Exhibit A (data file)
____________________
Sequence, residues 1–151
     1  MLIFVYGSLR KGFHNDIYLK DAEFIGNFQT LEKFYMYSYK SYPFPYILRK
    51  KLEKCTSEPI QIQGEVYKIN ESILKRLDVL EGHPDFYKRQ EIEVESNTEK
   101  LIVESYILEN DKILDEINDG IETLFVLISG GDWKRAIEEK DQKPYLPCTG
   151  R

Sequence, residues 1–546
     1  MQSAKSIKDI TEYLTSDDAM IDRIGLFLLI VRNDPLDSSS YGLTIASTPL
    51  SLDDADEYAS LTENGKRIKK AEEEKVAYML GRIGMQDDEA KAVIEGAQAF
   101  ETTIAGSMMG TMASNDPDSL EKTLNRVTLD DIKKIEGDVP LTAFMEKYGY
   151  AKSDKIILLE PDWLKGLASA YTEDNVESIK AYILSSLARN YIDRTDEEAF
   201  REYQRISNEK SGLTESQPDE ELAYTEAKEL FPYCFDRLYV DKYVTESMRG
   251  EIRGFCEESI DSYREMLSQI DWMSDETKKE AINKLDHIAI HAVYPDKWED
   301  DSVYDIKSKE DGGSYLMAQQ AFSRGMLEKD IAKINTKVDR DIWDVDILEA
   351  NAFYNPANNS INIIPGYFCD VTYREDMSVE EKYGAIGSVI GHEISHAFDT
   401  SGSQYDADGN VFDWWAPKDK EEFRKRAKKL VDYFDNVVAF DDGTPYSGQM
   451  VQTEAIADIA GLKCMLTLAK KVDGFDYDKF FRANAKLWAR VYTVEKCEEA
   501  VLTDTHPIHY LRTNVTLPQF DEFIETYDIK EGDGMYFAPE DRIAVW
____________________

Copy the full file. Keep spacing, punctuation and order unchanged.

Sequence, residues 1–151
     1  MLIFVYGSLR KGFHNDIYLK DAEFIGNFQT LEKFYMYSYK SYPFPYILRK
    51  KLEKCTSEPI QIQGEVYKIN ESILKRLDVL EGHPDFYKRQ EIEVESNTEK
   101  LIVESYILEN DKILDEINDG IETLFVLISG GDWKRAIEEK DQKPYLPCTG
   151  R

Sequence, residues 1–546
     1  MQSAKSIKDI TEYLTSDDAM IDRIGLFLLI VRNDPLDSSS YGLTIASTPL
    51  SLDDADEYAS LTENGKRIKK AEEEKVAYML GRIGMQDDEA KAVIEGAQAF
   101  ETTIAGSMMG TMASNDPDSL EKTLNRVTLD DIKKIEGDVP LTAFMEKYGY
   151  AKSDKIILLE PDWLKGLASA YTEDNVESIK AYILSSLARN YIDRTDEEAF
   201  REYQRISNEK SGLTESQPDE ELAYTEAKEL FPYCFDRLYV DKYVTESMRG
   251  EIRGFCEESI DSYREMLSQI DWMSDETKKE AINKLDHIAI HAVYPDKWED
   301  DSVYDIKSKE DGGSYLMAQQ AFSRGMLEKD IAKINTKVDR DIWDVDILEA
   351  NAFYNPANNS INIIPGYFCD VTYREDMSVE EKYGAIGSVI GHEISHAFDT
   401  SGSQYDADGN VFDWWAPKDK EEFRKRAKKL VDYFDNVVAF DDGTPYSGQM
   451  VQTEAIADIA GLKCMLTLAK KVDGFDYDKF FRANAKLWAR VYTVEKCEEA
   501  VLTDTHPIHY LRTNVTLPQF DEFIETYDIK EGDGMYFAPE DRIAVW